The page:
Last year I brought you all a couple of items about the anti Tesco riots in Stokes Croft Bristol. These were, in this Olympic year of ours, the pre-lims, the qualifiers if you like, for the main events that kicked off in London and elsewhere later in the year. It worked in Bristol, It’ll work here, evil little scotes of all persuasions thought, and they were right.
Ostensibly the riots and protests were against the nasty filthy capitalists Tesco who would destroy the very fabric and character of a struggling but noble neighbourhood. In fact the neighbourhood has been a broken toothed affront to the City Of Bristol since the sixties or even longer. Full of winos and junkies and ladies who were no better than they aught to be, offering their company for a bag of chips and a swig of Scrumpy. And when the Anarcho Hippies turned up and squatted the place in the 80s, it just got worse.
When our Paul Marks came to stay with me for a few days last year, he was shocked at the state of the road (and he lives in Northampton! not a reasonably elegant place of wealth and taste that Bristol promotes itself as being), I had barely noticed after all the time I have lived here. Well you get used to shit around you don’t you? It just doesn’t register after a while.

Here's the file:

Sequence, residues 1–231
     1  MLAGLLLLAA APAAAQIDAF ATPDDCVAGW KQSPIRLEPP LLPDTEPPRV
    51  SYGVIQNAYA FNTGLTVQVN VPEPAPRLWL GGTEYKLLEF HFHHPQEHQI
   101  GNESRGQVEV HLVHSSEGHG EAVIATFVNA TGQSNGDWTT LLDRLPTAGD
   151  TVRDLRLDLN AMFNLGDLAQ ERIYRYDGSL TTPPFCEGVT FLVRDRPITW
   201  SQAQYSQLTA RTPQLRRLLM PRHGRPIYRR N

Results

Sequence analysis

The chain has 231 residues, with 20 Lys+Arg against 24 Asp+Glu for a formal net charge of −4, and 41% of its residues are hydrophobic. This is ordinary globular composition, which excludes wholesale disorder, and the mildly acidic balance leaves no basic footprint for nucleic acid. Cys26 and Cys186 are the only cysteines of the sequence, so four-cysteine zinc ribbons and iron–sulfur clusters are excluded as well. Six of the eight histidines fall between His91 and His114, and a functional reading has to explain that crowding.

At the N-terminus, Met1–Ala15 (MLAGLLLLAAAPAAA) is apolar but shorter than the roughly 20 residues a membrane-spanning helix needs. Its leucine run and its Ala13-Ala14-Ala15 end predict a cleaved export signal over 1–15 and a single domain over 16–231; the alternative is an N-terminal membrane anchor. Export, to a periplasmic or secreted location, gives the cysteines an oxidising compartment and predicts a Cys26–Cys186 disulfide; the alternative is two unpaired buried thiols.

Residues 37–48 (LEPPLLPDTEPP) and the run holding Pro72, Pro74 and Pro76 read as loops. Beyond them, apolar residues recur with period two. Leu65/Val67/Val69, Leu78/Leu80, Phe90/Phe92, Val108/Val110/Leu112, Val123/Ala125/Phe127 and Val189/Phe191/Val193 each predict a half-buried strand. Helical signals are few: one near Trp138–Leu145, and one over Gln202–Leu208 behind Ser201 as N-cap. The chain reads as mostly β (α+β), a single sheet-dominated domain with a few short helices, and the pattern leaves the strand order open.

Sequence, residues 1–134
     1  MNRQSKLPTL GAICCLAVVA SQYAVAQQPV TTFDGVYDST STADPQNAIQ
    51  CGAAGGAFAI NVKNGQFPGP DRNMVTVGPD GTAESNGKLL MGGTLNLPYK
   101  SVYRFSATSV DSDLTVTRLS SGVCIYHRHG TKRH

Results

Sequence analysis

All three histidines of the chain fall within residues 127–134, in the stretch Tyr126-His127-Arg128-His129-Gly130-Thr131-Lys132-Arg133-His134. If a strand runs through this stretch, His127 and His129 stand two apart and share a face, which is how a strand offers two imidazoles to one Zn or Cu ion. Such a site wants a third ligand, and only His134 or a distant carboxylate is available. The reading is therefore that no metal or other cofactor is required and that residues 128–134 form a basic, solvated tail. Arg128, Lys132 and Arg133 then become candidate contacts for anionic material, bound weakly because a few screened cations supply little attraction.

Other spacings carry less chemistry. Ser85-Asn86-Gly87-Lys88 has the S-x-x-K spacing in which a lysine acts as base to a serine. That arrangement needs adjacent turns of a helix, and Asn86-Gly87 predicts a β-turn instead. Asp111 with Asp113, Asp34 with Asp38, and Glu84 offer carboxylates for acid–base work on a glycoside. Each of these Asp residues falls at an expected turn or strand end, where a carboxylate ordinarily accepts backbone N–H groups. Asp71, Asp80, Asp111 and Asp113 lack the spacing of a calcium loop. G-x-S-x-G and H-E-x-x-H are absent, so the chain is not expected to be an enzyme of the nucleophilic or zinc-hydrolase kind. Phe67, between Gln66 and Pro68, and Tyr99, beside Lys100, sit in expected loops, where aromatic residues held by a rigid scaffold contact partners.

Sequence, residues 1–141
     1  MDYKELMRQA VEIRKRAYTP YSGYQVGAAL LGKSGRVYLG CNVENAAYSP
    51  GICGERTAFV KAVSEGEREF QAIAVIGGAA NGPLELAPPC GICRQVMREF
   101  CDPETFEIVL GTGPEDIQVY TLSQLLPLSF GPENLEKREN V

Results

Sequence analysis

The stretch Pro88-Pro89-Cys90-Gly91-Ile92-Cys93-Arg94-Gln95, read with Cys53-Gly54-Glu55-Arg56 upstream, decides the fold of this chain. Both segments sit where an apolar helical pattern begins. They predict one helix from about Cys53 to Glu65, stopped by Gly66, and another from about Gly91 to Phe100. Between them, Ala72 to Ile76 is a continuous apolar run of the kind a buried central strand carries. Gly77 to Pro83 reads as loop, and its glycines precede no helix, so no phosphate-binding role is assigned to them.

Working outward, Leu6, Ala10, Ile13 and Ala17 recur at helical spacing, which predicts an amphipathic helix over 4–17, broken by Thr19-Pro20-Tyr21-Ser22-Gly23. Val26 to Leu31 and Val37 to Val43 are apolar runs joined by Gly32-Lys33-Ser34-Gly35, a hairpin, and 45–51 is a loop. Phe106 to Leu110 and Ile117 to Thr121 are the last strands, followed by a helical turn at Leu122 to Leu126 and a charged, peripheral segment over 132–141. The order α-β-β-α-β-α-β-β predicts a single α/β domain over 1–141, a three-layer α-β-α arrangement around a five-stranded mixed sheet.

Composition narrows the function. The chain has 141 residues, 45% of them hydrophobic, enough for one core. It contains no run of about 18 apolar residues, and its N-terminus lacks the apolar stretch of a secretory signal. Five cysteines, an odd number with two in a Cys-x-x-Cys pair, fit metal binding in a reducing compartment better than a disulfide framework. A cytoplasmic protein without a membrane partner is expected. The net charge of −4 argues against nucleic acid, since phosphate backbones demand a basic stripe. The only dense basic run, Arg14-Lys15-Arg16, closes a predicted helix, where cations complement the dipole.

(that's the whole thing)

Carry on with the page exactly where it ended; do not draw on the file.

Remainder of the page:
Ah but the opposition to Tesco wasn’t just negative, it was …like dig them positive vibes man! we can do it just like they can, but cheaper and sustainable and… Heh de heh, no they couldn’t.
“A ‘people’s supermarket’ set up in Stokes Croft as an alternative to the controversial Tesco store is to close down after organisers admitted they could not compete.”
My parents owned a corner shop/general stores just as the original supermarkets were taking off in the early sixties. We couldn’t compete on price, so we made a bloody good living on listening to our customers wants and needs and , and innovation. These clowns were probably debating whether fish fingers were, like ethical man…
Go read and laugh. Capitalism and common sense rules ok!